Another suit was State ex rel. Ka
gan v. Junkin, attacking the constitu
tionality of the* so-called Donohoe non
partisan educational and judicial elec
tion law. This suit resulted in a hold
ing liy the court that the act of the
legislature was unconstitutional. The
court's opinion was rendered August
The n> xt law assailed was the act j
entitled, “An act to amend sections
one (1) and twenty-two (22) of sub-1
division thirteen (13), chapter sev-i
enty-nlne (70) of the Compiled Slat- i
utes of Nebraska for 1907, and to re- |
p* al the said original sections as they j
now exist and to provide for an emer
gency.” The real purpose of this
act was to remove from office the j
present member of the state board |
of education and to authorize the !
democratic governor to appoint a new !
board. The constitutionality of this
act. Is in question in a suit entitled j
State ex rel. Thompson v. Majors et!
Another net passed by the legisla-1
ture and which is assailed in the j
courts as unconstitutional is the“bank
guaranty” act. The suit was com
menced in tlte federal court and a tem
porary Injunction lias been issued, re
straining the enforcement of the law !
until final order of (he court.
Another act passed by the legisla
ture, the constitutionality of which is j
challenged in the courts, is the act
taxing corporations. This suit was
commenced in the district court and
will soon be submitted on demurrer.
Perhaps one of the most insipid
acts of the late legislature is chapter
83 of the Session Laws of 1909. This
bill, as originally drawn and intro
duced by Senator Randall.fixed proper
penalties against railroads and rail
road officials for failure to enforce
the same. The committee to whom
tlte bill was referred removed all the j
penalties provided for in the bill |
against the railroads and their of-1
fieials affected thereby, and rendered j
tin act of apparently no vital effect.
Another act of the late legislature,
which lias been rendered impossible
of enforcement, is House Roll 358,
relative to the charge of transporta
tion for residuum fuel oil or fuel pe
lt oleum, by reason of errors which
crept into the enrolled bill through
tiie incompetency rf tue engrossing
or enrolling clerk in failing to enroll
tile amendments made thereto by the
Kven some of the “pie-counter”
bills, intended to make jobs for demo
crats on the public payroll were so
faulty that the democratic politicians
have not attempted to exercise au-'
thority under them and “claim the
jobs"—notably the new law giving the
appointment of the secretary of the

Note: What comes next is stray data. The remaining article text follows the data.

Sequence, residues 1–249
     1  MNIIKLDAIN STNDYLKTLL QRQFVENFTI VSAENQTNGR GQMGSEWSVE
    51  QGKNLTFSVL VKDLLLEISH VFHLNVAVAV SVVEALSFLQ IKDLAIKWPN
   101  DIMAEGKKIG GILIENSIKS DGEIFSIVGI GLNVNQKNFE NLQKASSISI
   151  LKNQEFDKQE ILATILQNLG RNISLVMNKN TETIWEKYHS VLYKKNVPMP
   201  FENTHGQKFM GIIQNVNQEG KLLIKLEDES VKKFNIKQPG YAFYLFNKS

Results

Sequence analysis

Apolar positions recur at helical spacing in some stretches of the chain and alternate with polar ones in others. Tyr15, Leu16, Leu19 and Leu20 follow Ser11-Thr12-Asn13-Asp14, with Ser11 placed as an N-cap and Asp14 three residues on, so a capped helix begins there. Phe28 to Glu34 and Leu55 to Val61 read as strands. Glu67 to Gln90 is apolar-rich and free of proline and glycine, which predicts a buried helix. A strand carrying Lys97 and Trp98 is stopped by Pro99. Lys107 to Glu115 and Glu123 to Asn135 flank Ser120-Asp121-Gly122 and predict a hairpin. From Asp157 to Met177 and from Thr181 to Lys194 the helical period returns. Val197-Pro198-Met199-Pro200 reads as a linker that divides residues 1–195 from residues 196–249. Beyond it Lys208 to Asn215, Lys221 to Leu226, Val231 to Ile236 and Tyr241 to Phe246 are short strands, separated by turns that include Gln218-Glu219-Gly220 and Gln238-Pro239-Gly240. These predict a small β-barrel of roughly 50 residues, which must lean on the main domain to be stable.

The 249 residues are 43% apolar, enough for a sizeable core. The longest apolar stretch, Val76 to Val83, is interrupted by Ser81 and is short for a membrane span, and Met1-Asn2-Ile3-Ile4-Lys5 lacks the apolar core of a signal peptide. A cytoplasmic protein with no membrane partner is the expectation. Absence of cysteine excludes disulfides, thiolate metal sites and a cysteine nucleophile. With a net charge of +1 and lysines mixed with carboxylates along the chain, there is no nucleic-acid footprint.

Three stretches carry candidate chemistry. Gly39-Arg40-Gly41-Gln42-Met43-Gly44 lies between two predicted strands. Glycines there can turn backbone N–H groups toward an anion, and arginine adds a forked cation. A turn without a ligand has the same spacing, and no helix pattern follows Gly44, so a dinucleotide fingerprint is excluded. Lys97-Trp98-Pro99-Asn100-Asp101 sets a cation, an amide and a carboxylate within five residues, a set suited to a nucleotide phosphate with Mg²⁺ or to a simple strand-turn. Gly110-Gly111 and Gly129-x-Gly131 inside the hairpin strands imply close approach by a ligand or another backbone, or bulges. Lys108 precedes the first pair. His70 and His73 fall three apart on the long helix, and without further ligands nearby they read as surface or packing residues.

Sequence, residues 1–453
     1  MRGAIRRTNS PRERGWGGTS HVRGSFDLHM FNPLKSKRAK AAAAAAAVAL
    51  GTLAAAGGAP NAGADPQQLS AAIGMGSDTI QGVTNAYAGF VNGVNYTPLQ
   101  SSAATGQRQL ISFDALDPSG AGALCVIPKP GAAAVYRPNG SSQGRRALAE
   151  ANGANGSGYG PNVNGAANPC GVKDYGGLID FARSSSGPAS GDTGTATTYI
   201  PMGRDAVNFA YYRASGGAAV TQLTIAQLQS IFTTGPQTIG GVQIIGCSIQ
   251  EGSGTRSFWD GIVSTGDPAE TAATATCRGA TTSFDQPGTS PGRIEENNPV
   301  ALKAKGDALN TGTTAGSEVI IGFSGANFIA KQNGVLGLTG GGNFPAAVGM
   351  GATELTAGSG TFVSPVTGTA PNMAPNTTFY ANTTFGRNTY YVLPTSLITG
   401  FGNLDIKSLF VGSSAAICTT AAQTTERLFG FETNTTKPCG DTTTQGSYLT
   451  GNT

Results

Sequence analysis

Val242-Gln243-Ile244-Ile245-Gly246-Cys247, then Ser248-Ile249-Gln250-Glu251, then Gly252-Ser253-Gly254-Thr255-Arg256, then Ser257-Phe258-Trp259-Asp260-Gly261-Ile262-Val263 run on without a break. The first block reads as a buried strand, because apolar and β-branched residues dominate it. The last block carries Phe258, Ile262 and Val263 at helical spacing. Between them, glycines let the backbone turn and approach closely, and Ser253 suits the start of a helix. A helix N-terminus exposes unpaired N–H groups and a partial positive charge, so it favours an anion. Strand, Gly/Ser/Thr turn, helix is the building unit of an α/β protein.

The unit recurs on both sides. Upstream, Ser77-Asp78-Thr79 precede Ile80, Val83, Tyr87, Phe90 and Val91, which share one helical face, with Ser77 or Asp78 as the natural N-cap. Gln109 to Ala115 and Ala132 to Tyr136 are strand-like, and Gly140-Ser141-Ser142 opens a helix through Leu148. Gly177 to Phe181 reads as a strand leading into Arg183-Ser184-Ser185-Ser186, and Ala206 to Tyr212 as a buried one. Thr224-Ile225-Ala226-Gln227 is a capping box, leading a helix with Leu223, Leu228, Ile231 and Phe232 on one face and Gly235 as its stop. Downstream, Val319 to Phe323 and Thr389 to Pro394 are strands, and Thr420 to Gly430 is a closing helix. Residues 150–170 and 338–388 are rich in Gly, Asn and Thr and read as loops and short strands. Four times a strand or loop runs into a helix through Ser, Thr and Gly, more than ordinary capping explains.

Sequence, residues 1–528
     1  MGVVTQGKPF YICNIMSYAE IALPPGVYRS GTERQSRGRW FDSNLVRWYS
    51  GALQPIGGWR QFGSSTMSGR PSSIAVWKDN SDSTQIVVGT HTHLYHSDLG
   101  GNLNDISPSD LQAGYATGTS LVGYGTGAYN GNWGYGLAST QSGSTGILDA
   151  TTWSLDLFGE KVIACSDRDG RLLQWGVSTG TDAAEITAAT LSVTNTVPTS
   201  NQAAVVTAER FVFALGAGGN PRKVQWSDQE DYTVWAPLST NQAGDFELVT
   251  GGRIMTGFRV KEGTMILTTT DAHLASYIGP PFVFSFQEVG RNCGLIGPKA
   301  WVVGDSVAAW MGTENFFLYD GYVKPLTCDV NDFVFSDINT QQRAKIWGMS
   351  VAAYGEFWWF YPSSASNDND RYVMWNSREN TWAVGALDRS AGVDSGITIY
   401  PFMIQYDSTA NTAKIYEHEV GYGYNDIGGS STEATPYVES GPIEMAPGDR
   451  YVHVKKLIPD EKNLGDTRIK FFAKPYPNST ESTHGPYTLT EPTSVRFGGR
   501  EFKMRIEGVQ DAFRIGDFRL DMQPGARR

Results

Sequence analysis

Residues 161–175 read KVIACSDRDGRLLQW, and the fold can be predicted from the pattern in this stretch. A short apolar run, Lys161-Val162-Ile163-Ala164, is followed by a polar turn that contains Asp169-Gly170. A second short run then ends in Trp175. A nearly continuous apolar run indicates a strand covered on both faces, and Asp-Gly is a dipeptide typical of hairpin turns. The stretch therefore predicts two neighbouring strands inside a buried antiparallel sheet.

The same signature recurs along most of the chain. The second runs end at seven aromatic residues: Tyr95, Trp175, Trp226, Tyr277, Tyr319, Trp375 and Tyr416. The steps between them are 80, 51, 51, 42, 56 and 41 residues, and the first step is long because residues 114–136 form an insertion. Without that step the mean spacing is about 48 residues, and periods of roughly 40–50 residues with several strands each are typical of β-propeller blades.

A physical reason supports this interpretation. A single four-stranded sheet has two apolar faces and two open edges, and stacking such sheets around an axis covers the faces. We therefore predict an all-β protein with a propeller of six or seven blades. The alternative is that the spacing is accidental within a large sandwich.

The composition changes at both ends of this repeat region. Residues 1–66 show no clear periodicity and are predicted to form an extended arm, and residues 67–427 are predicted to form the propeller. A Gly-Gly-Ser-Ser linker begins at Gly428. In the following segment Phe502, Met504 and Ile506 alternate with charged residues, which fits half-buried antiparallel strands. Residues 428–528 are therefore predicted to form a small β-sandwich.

printing board to the democratic gov
ernor—a law that was passed express
ly for the benefit of a democratic
member of the late lamented legisla
ture, who was to "have the Job."
This is a glimpse of democratic
competency and efficiency as evi
denced by the democratic legislature.
Whenever tested with responsibility
the democratic party has failed to
To avoid the responsibility for its ,
recent failures the democratic party
is this year out on a "non-partisan”
platform and is raising a cry for the
election of democratic candidates as
non-partisans. This deceives no one
—it is the democratic plan to avoid
the responsibility for the recorded
acts and failures of the democratic
Speaking of the defeat of the re
publican ticket four years ago, when |
the third term ticket was defeated,j
the Falls City News had this to say
in their issue of Nov. 10, 1905:
“We are satisfied that THE PEO
PLE HAVE WON A VICTORY whicn
will teach the politicians and ring
sters a lesson which will prove ever
lasting. The American policy holds
the THIRD TERM proposition as
DANGEROUS TO GOOD GOVERN
Now, if the American policy held
tiie “third term" proposition as dan
! gorous four years ago, what condi
tions have brought about a reversal
in that said American policy.
The News says it "hasn't changed
its views on the third term proposi
tion, but conditions have changed.”
Yes, we’ll agree with the contortion
ist paper—conditions HAVE changed.
It is democrats who want the third
term this time—not republicans. Yes.
conditions have changed.
Presbyterian Corner Stone Laid
An immense crowd assembled at the site of the new Presbyterian
church to witness the ceremony of laying the corner, stone. The sun was
shining brightly, and though a little warm. yet the shade trees and a light
breeze helped to make the weather conditions almost ideal for the occa- i
slon. Tlie Rev. (J. Keiehel, pastor of tie Baptist church called, order,
and after singing of the Doxology, offered prayer, and the program as
pinted below was rendered.
We are glad to report that the large crowd was not only orderly,
but quite attentive, and a general spirit of harmony and good feeling pre- j
vailed between the ministers on the platform and the people on the street.
The beautiful stone, the gift of the late Mr. A. Neitzel, was formally
laid by Dr. Bailey, the pastor of the church, and we are told that the ad
dress lie made was not only exceedingly appropriate but was given in a j
manner that excelled the gentleman's known ability as an eloquent
The offering taken at the service amounted to a little over eighty
dollars, for which the committee no doubt feel grateful to the public.
One is just a little curious to know what Dr. Bailey will do next. He
talks little, bui every now' and then he attempts and accomplishes some- |
thing. The church and himself deserve success In the ardous work.
The box deposited in the corner stone contained a copy of The Falls
City Tribune, the Falls City News, the Falls City Journal, “The Interior,” 1